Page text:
Cannabis credit union gets partial win in court ruling

A Colorado credit union aiming to serve cannabis businesses won a partial victory Thursday when a court ruled the Federal Reserve Bank of Kansas City cannot block access to a special account the firm needs to do business.

The decision is a symbolic triumph for Fourth Corner Credit Union but won’t allow the firm to serve the marijuana industry.

In a 2-1 decision, the 10th U.S. Circuit Court of Appeals in Denver ruled that Fourth Corner can serve supporters of MJ legalization – but not licensed cannabis or hemp businesses – as long as the Controlled Substances Act is intact.

Following the court’s decision, however, Fourth Corner can now proceed with plans to secure a so-called master account with the Kansas City Fed.

Lending institutions can’t function without such an account, which gives them access to the nation’s banking system.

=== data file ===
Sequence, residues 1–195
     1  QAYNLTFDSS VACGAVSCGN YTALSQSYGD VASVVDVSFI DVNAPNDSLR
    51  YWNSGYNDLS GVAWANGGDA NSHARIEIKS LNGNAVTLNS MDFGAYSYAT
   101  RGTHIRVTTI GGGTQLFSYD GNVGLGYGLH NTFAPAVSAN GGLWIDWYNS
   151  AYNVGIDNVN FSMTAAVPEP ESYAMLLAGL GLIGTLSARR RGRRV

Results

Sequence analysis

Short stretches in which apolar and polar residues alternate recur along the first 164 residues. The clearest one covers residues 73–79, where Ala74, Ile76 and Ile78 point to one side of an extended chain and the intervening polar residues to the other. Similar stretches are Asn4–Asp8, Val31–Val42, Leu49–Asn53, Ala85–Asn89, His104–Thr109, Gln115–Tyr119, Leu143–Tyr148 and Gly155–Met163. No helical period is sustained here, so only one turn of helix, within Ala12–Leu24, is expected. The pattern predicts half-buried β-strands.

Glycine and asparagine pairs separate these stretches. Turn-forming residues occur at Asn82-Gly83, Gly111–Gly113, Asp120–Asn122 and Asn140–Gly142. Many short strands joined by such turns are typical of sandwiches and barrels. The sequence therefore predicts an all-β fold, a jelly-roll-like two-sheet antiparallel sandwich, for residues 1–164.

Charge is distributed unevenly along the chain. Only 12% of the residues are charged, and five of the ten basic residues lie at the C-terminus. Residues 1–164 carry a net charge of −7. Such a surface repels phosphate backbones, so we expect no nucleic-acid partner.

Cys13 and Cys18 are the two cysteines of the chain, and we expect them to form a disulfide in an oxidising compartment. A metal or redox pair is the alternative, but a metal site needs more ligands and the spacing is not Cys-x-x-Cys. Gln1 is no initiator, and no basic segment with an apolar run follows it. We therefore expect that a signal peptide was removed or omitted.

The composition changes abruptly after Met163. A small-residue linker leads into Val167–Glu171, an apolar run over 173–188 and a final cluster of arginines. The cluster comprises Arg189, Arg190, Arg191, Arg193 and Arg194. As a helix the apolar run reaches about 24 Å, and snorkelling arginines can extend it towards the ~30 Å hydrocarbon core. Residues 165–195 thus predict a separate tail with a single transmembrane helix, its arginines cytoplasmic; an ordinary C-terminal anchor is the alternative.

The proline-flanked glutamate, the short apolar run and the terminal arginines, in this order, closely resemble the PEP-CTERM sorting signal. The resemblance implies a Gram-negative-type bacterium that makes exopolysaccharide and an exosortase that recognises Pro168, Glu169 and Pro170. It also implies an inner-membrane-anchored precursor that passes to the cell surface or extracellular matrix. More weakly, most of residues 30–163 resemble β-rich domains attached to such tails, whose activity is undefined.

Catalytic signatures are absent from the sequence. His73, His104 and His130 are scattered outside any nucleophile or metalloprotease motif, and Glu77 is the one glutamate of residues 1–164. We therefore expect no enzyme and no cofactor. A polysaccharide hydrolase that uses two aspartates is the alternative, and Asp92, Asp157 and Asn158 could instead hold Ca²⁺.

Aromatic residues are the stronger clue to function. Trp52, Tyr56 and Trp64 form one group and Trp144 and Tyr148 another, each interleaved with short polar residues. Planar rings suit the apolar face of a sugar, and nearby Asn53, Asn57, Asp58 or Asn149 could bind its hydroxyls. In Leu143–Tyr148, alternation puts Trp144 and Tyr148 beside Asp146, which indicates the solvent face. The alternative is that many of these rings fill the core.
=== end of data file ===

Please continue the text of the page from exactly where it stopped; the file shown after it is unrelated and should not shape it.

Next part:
Thursday’s decision came after a U.S. district judge last year threw out Fourth Corner’s suit against the Kansas City Fed; the company appealed.

The two appeals court judges writing in favor of Fourth Corner said the lower court judge overstepped his authority by denying the credit union access to a master account.

In a statement, Fourth Corner called Thursday’s decision “historic” for two reasons.

“First, it firmly establishes that all chartered financial institutions are allowed access to the nation’s payment system without discrimination,” the credit union said. “Secondly, while the ruling did not go so far as to legitimize banking for marijuana-related businesses, it honors the structure and framework under which (Fourth Corner) was chartered.”

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